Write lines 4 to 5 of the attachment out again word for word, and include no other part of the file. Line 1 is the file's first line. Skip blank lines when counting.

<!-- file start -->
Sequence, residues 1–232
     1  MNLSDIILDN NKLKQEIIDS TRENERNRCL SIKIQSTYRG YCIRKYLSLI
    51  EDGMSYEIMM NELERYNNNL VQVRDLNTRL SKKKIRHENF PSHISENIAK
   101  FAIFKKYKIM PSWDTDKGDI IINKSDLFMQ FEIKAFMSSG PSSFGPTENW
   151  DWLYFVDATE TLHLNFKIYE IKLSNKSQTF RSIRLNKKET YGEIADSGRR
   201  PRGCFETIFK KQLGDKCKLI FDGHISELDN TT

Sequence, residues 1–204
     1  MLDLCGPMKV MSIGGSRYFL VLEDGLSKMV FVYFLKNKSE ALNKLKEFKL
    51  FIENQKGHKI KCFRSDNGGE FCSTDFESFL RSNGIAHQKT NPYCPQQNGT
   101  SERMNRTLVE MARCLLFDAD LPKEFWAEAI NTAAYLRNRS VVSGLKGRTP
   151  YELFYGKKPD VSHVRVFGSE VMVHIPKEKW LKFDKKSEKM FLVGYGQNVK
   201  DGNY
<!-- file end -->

   101  FAIFKKYKIM PSWDTDKGDI IINKSDLFMQ FEIKAFMSSG PSSFGPTENW
   151  DWLYFVDATE TLHLNFKIYE IKLSNKSQTF RSIRLNKKET YGEIADSGRR